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Just 4 months ago, the world requested justice for crimes committed in Libya and the UN Security Council unanimously asked for the intervention of the International Criminal Court. Yesterday, the Court delivered its first decision, it issued arrest warrants against Muammar Gaddafi, his son Saif Al-Islam Gaddafi and Abdullah Al Senussi for shooting civilians on the streets and persecuting alleged dissidents in their homes as crimes against humanity. The Judges considered that they have to be arrested to prevent them from using their powers to continue the commission of crimes.

Today, it is time for arrest. Let me clarify who should arrest them and how they can do it.

Libya has the primary responsibility to implement the arrest warrants. Libya is not a State Party of the Rome Statute, but it is a member of the United Nations since 1955. Libya has to comply with UN Security Council Resolution 1970, which specifically called on Libya to ‘cooperate fully with and provide any necessary assistance to the Court and the Prosecutor.’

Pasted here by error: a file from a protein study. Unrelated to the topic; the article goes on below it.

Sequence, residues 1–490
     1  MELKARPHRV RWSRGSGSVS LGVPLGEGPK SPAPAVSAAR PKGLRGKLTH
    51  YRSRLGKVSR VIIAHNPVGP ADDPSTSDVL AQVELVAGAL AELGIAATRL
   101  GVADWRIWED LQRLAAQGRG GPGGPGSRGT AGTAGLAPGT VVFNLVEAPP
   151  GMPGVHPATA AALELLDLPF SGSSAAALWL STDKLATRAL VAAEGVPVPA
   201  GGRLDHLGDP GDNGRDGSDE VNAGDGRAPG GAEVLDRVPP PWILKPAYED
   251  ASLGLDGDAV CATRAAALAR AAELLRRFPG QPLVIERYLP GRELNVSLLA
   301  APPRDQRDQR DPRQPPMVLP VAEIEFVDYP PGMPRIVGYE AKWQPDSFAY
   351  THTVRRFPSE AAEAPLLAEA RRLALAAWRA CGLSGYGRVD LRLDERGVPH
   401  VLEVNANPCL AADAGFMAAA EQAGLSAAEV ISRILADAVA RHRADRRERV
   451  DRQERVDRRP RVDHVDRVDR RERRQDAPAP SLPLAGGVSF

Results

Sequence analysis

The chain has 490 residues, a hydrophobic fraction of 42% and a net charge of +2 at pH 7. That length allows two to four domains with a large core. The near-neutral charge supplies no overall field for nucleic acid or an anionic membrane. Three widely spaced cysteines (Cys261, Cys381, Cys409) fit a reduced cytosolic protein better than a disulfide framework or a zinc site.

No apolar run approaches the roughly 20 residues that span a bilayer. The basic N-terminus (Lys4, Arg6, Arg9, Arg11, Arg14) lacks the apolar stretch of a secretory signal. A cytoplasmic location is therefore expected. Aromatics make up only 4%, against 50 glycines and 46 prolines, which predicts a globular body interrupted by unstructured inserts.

The Court will notify the Libyan government based in Tripoli of its decision. Gaddafi’s inner circle is the first option: they can be part of the problem and be prosecuted, or they can be part of the solution, work together with the other Libyans and stop the crimes.

Second option, the Interim National Council has expressed its will to implement the arrest warrants. Justice Minister Mohamed Al Alagi is here, and Prime Minister Mahmoud Gibril is coming tomorrow. They will explain their plans as soon they are ready.

International forces operating under UN Security Council Resolution 1973 have no specific mandate to implement arrest warrants, and the Court is not asking for that.

More than ever there is an urgent need for negotiations. But negotiations have to respect UN Security Council Resolution 1970 to do justice in Libya and the Court’s decision that Gaddafi, his son Saif and Al Sanussi should be arrested.

There are two clear legal limits. Gaddafi cannot retain power to keep attacking his victims. If Gaddafi travels to a State Party of the Rome Statute, he should be arrested.

The Office of the Prosecutor will continue investigating new crimes regarding the situation in Libya since 15 February 2011, in particular allegations of rapes and efforts to cover up the crimes; we will eventually add new charges to the same case.